On Wilson, I thought it was the other way around. Willie came to the Royals as a slap-hitter. After a few years a hitting coach told him to start swinging harder. It’s in the last BJHA, but I can’t get to mine right now.
On Wilson: He turned into a poor hitter after Herzog. It was a new hitting coach. But Herzog accentuated his strengths.
Martin understood what Rickey brought to a team better than anyone else. Most just marveled at his steals.
On the Reggie part, Martin did want Joe Rudi instead of Reggie. But half of that was because of Reggie being Reggie. Half of the reason he hit him lower in the lineup was to spite him.
43: Yep, the caller said those guys and the team looked lackluster at times. You know, TW, you’re right about Eckstein. Not the worst idea for 2nd by any stretch if he’s plus defensively there.
A little alarm goes off any time I hear someone say the Pads need a grinder or sparkplug. If he can actually still play the game, then fine. I was tempted to call in and suggest Erstad for CF. Kentera would probably love the Podsednik idea and subsequently credit him for the ChiSox’s WS victory – well along with Blum, of course.
Oops, make that 55, not 43.
I dont think Eckstein would sign a one year deal.
pages 758-759 of Historical Abstract:
“Wilson came to the majors in 1976 as a speed burner whose hitting was suspect. In 1979 Whitey Herzog taught him to swing softly with his wrists, basically just dropping the head of the bat in front of the pitch, and for several years, doing that, he was a highly effective hitter, hitting hundreds of soft popups that settled between the infield and out. …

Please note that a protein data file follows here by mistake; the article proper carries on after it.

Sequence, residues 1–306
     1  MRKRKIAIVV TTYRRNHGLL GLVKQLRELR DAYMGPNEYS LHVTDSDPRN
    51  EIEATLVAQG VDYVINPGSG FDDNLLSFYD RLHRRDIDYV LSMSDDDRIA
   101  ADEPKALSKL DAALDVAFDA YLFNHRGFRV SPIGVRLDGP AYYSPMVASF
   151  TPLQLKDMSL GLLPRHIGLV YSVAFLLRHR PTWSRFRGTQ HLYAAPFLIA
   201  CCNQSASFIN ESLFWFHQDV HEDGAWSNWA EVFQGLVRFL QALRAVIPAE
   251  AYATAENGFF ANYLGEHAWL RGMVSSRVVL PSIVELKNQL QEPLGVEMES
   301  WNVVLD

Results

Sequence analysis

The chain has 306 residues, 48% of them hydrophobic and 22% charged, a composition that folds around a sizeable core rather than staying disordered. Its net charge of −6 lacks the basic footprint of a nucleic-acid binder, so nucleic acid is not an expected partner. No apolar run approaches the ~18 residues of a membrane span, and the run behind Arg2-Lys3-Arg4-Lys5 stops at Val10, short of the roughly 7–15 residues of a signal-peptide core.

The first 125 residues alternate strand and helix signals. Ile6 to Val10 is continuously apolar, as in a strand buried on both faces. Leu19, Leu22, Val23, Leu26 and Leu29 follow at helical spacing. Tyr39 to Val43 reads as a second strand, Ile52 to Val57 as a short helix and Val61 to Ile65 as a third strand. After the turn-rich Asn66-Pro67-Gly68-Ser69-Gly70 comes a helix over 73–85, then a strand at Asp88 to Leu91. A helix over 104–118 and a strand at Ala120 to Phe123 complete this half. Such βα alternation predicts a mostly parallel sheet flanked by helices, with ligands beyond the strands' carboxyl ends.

“Worse yet, in the mid-1980s the Royals hired Lee May as a hitting coach. Lee May legitimized Wilson’s fantasies about being a real hitter, taught him to drive the ball hard to the outfield, so that somebody could run under it and catch it. His batting average dropped 50 points overnight, but Wilson thought it was cool because he was hitting the ball so much harder than he used to.”
On pages 117 to 121 of the 1988 Baseball Abstract, James breaks down what a manager does — game level decision making, team-level decision making and personnel management and instruction.
He talks about Herzog throughout and how he is excellent at all three. He also points out that nearly all of Herzog’s lineups with the Royals and Cardinals had very good walk numbers. In 1987, even Vince Coleman walked 70 times. Ozzie Smith, in his career year that season, had 89. In 1985 and 87 when the Cardinals won pennants, they lead the league in walks.